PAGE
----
Most of empirical science relies on the notion that there is only one version of reality and one version of the truth. Scientists are not often ready to entertain the possibility that there might be more than one version of truth or reality; that truth in itself might be subjective. Quantum mechanics is one area of scientific enquiry which acknowledges some element of subjectivity. Dowker’s research interests lie in the area of quantum gravity, or to put it another way, she is interested in finding ways in which it might be possible to reconcile quantum theory and general relativity – the two cornerstones of theoretical physics. Dowker describes this as ‘high risk’ because she is researching at the point where science becomes ‘speculative’. In an interview Tickle explains to me that Dowker believes the universe exists outside of our ability to comprehend it. This takes the subjectivity of the quantum world one step further. The speculative nature of Dowker’s work inevitably involves the kind of creative leaps of imagination that, as Thomas Khun suggested in his seminal 1962 text The Structure of Scientific Revolutions, occasionally bring about paradigm shifts in scientific thinking. It does not really come as a surprise then to learn that it was Dowker who initiated the project in the first place. Dowker, frustrated with orthodox attitudes within the scientific community, visited her local art gallery (Matt’s Gallery) in search of a new kind of sounding board for her research and ideas. It is not obvious what Dowker hoped to get out of the project, if anything. Tickle says she is simply interested in learning more about how a contemporary artist and contemporary art work. He says curiosity was and remains Dowker’s main motivation, and that she never stopped being the scientist and he never stopped being the artist. What the Eye Can’t See the Heart Can’t Grieve For, Tickle and Dowker’s project, will be visible from the Mile End Road at Queen Mary College, University of London, after dark during February 2004. It will consist of about 100 photographer’s flash lamps attached to about 100 Geiger counters positioned in various buildings, including the clock tower and the Physics building. One possible reading of the work might be to see it as making visible ‘what the eye can’t see’ – such as radioactive particles in the atmosphere. The flashlights suggest the action of photography, which in turn implies that an event has been recorded as well as made visible, but the only image produced, however, the working practices of science and art. In Science in Action Bruno Latour, for example, proposed the idea that science – like art to a certain degree – is made by a network of corroboration within society. With this in mind, his idea of the ‘Great Divide’ between things that we know (science) and things that require some element of belief (art and Latour’s idea of ‘science in action’) does not seem so great. Without such a gap to bridge, it is possible to envisage that art and science can enjoy a productive exchange of ideas, knowledge and imagination. An exchange between art and science might not always lead to fruitful collaborative projects, but it does at the very least promise a few more scientists with some interest or understanding of what lies beyond a laboratory. In 1945 George Orwell wrote an open letter to the Tribune entitled ‘What Is Science?’. Responding to J Stewart Cook’s suggestion that in order to avoid ‘scientific hierarchy’ the public would need to be scientifically educated, Orwell countered that some scientists might also benefit from a bit of education in the arts. In support of his argument Orwell refers to a contemporary example:‘[A] number of British and American physicists refused from the start to do research on the atomic bomb, well knowing what use would be made of it. […] And though no names were published … it would be a safe guess that all of them were people with some kind of general cultural background some acquaintance with history or literature or the arts – in short, people whose interests were not, in the cultural sense of the word, purely scientific.’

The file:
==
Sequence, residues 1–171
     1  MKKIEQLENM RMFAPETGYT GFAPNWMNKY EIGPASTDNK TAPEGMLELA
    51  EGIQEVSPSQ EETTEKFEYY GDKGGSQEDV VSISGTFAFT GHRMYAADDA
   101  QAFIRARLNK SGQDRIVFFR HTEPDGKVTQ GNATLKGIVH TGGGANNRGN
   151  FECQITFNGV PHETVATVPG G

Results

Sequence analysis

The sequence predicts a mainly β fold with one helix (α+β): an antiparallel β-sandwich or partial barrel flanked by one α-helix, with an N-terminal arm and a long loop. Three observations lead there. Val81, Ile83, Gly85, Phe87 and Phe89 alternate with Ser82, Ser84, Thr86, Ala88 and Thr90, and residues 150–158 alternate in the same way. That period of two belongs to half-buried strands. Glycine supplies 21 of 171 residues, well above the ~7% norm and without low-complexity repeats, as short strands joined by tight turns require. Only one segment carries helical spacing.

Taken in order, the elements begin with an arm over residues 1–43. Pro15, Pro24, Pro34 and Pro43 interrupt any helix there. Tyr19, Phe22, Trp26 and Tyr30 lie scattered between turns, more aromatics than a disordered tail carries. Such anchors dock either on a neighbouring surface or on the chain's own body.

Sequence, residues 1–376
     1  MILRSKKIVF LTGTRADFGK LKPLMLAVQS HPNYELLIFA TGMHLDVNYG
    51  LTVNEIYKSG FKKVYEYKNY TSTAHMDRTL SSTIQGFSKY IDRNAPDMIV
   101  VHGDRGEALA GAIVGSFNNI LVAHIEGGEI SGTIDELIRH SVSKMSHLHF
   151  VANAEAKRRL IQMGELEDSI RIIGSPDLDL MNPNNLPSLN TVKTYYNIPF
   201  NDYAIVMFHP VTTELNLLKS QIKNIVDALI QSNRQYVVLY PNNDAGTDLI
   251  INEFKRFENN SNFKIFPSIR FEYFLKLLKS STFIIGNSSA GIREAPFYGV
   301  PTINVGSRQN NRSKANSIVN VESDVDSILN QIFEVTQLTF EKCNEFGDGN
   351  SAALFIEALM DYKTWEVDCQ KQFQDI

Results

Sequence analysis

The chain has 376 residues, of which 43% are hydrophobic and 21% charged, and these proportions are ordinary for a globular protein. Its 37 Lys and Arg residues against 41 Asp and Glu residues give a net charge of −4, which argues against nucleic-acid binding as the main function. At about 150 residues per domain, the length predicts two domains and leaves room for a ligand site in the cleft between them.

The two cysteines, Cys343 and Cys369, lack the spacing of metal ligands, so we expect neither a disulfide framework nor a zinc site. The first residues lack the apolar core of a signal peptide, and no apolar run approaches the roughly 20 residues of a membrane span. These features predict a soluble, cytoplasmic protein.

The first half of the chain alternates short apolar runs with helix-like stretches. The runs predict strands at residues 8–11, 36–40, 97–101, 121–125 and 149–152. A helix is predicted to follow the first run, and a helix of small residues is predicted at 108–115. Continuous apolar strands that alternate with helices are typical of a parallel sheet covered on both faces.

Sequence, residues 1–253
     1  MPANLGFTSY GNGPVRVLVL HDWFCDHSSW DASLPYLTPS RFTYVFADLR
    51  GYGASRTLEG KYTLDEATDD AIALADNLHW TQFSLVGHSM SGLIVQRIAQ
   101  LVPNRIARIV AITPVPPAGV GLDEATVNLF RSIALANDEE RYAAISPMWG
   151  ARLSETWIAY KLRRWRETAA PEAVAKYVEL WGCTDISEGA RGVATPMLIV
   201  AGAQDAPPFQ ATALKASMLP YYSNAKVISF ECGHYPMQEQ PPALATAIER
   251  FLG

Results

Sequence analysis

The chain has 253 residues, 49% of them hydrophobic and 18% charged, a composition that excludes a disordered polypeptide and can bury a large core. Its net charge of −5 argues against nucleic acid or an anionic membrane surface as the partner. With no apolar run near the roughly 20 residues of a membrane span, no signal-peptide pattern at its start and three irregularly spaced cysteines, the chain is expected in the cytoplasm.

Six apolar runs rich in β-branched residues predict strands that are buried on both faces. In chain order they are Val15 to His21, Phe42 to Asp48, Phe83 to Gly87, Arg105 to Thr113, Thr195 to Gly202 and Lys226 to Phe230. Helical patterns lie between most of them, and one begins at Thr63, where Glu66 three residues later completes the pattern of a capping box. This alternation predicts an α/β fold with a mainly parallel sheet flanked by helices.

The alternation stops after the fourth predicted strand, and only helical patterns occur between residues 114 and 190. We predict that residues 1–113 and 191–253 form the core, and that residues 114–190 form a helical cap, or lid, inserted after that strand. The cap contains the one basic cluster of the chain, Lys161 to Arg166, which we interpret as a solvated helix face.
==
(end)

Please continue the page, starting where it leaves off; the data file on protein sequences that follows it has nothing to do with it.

So what is the shape of sci-art to come? Rather than sci-art, why not simply a case of science genuinely interested in art or art informed by science? Respect for the sci-art model certainly seems to have waned in recent years. Sci-art, it would seem, has become a victim, like sci-fi, of the institutional snobberies and intellectual elitism plaguing both art and science worlds. The idea that science and art can somehow meet on common ground – that scientists can speak the same language as artists and vice versa – often entails compromise and more often than not it is the art that gets compromised. Where art is subordinated to science, it does not challenge scientific hierarchy but reinforces it by suggesting that the only successful projects are those in which art becomes science. For these reasons few artists (and this undoubtedly includes Bhimji, Kerbel and Tickle) are comfortable with their work being described as sci-art. Sci-art as both a term and working model, is reductive, denying that our understanding of how contemporary artists and contemporary art works has moved on since the aesthetic frustration of the future as imagined by Wells.

Miria Swain ran the art programme at NIMR between 2001-2003. She is curator of the forthcoming publication Nanoscopic Culture and now works at Modern Art, Oxford

1 The Shape of Things to Come, HG Wells, 1932-3, pp. 359-60. All section titles in this article are taken from chapters in the fourth and fifth books

Picture Credits

Animated visualisation of the forthcoming public artwork What The Eye Can’t See The Heart Can’t Grieve For, Matthew Tickle and Fay DowkerHome Climate Gardens, Janice Kerbel, 2003Chiasmus, Matthew Tickle, 2003-4. Flash Units and Geiger Counter, dimensions variable. First shown at the exhibition Isonerv, London, April-May 2003. Organised by Michael Croft and Jonathan Hatt